By Repatriado

“You will win because you have enough brute force. But you will not convince.” Miguel de Unamuno

On the corner. Photo: Juan Suarez

HAVANA TIMES – Those of us who believe that Cuba is suffering at the hands of a perverse and corrupted totalitarian government, commonly say that the Cuban people have been too indifferent… In fact, I have dealt with the root cause of this passive attitude in other articles, suggesting that it is due to a concentration of power and civil society’s inability to objectively articulate and organize itself independently from the State and socialist ideology, the island’s only legal political doctrine.

However, this seemingly social indifference might actually be covering an attitude of individual resistance, which is what I want to talk about today: if it really is indifference or rather a resistance tailored to the very specific conditions that have been created here in Cuba by the Castro regime.

Just like I believe we are living under a totalitarian State, I believe that it has failed, not only because of the widespread unhappiness and misery inherent to every tyranny, but it has also failed at its main objective, its own ability to remain in power. There are overwhelming signs that this system is on the brink of collapse and it isn’t absurd to expect variations to this Soviet-type economic planning, which is the beginning of the end of political and social totalitarianism.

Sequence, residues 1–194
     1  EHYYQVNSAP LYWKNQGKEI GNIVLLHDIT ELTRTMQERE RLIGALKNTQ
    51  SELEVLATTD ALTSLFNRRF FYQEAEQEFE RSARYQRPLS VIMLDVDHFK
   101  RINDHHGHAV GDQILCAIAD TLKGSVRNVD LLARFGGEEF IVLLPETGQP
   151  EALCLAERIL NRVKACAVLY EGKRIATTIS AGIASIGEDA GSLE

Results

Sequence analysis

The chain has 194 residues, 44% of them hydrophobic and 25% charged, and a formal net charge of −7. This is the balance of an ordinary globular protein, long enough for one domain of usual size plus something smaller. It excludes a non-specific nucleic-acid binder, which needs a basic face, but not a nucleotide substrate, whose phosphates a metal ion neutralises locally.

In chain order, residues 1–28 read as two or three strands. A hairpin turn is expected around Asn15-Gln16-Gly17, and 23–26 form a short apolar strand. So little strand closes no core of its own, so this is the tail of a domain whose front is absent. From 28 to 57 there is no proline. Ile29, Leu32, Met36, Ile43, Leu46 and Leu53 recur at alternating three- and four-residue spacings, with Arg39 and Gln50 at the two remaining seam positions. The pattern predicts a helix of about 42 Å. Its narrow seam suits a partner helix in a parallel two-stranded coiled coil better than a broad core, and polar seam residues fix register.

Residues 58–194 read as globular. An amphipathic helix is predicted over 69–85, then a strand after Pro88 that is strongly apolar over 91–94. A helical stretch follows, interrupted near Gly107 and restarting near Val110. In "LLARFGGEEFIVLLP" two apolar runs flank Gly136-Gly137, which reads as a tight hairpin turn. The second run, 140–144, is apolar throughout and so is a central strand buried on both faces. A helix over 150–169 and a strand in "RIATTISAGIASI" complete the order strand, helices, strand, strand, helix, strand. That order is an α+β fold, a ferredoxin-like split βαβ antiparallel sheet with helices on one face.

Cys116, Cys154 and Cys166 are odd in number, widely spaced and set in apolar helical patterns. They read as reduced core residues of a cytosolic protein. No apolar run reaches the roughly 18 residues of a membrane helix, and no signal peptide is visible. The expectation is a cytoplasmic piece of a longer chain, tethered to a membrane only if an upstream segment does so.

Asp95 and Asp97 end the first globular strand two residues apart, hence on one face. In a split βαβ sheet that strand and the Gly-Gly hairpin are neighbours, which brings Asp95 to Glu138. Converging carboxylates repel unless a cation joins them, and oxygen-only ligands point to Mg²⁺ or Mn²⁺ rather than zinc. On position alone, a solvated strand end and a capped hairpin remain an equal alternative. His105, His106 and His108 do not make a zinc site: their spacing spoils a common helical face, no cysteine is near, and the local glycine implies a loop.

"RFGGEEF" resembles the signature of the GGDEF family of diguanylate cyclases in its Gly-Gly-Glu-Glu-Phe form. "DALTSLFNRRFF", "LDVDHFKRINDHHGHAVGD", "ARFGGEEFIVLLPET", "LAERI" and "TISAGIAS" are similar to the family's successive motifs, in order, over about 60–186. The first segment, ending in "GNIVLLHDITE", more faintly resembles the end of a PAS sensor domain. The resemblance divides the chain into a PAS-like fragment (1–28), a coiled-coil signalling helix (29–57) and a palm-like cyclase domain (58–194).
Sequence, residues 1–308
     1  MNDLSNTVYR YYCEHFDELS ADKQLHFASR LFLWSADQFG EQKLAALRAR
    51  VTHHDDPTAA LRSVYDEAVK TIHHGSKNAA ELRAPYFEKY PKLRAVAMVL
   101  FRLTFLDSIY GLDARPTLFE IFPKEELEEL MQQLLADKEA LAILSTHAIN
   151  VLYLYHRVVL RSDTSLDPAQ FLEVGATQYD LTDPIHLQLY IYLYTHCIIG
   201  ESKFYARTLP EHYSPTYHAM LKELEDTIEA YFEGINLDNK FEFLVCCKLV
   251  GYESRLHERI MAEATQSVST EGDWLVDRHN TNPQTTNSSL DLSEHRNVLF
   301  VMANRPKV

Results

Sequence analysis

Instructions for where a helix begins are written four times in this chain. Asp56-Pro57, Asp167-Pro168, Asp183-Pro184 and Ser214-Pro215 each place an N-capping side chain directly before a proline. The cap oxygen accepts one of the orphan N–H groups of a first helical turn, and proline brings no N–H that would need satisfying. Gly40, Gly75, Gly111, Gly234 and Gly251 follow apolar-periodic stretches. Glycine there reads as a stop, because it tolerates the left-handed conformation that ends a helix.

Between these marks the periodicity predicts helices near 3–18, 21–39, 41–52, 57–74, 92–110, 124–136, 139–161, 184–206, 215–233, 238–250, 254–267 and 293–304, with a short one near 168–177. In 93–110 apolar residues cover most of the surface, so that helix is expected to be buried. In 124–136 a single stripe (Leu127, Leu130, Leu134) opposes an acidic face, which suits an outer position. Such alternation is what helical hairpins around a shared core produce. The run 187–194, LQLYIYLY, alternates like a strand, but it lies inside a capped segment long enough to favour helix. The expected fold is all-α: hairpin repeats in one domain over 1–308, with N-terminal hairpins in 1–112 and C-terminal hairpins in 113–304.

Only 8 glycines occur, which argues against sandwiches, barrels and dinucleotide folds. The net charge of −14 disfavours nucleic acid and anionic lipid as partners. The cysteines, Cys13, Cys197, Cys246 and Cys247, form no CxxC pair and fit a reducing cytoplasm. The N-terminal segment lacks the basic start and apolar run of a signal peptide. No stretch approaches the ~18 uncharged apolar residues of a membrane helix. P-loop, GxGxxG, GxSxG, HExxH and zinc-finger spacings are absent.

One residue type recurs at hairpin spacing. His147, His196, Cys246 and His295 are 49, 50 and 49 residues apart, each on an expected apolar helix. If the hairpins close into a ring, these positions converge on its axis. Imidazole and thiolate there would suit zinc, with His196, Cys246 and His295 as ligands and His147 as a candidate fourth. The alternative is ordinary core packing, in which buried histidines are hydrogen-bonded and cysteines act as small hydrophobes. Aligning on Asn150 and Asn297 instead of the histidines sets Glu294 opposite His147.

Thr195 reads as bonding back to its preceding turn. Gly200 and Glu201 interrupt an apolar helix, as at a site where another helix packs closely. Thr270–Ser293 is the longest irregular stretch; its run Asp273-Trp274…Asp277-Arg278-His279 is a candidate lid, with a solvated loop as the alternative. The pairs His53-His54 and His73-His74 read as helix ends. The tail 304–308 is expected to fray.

The failure of this model wasn’t predestined, it could have worked if a real majority had adopted and defended it, and this is the most essential point here: The system imposed by the Castros fails because it has fought against a minority’s active resistance, a minority who are consciously against a totalitarian attack on civil rights, as well as a vast majority who have unconsciously resisted any implication with a project which they haven’t felt is theirs for a long time now.

Therefore, it’s wrong to claim that the Communist Party has remained in power thanks to the population. It has rather remained in power in spite of popular resistance and this system’s greatest sign of weakness is their need to control individual freedoms, which have been violated in every possible way for the past 60 years.

Symptoms of this underground resistance, practiced by an entire population who have been isolated from political power and economic decisions are those actions, which wouldn’t transcend more than a few antisocials, if the socialist ideology enacted by the Castros had made an impression on the Cuban people.

The perverseness of vandalism (which Miguel Arias wrote about here on HT), which would be inexplicable from a socialist perspective where we would all share social property, suddenly starts making sense when we understand that nearly nobody feels like anything belonging to the government is theirs, because the government is the first thing they don’t feel is theirs.

Constant small thefts here and there which are bleeding an economy “meant to serve the people” is another suicidal activity from a socialist perspective. It only starts making sense when we understand that relations of production under the Castro system are just capitalism exacerbated by the existence of a single and absolute owner who is opposed to millions of alienated workers.